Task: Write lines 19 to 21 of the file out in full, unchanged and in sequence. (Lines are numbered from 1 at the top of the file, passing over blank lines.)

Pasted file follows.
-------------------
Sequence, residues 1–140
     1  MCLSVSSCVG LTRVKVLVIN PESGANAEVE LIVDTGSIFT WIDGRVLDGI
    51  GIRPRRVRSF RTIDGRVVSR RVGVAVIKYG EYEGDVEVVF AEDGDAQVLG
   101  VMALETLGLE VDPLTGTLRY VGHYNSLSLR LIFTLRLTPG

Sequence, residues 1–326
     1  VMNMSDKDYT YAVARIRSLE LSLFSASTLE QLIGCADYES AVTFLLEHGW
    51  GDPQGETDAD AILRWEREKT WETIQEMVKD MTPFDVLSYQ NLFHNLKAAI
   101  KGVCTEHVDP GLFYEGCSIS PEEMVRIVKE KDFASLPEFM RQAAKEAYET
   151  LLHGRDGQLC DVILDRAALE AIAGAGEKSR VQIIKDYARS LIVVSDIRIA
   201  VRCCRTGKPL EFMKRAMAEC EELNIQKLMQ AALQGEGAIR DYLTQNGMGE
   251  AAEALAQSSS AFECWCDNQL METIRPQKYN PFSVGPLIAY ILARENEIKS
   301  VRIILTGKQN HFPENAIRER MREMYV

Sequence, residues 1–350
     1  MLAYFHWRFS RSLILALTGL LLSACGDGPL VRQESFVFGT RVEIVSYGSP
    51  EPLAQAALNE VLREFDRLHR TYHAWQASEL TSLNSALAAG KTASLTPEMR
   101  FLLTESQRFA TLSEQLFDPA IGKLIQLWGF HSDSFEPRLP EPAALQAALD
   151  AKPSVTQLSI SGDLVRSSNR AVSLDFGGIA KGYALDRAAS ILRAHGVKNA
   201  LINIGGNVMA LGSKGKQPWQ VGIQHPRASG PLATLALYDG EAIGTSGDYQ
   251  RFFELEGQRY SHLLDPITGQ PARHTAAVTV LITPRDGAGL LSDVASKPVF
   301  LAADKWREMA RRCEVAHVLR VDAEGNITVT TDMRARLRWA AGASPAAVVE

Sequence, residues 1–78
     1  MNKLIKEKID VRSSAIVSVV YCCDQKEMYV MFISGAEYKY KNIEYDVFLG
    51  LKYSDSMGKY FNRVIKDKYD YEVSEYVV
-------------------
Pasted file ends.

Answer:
   251  RFFELEGQRY SHLLDPITGQ PARHTAAVTV LITPRDGAGL LSDVASKPVF
   301  LAADKWREMA RRCEVAHVLR VDAEGNITVT TDMRARLRWA AGASPAAVVE

Sequence, residues 1–78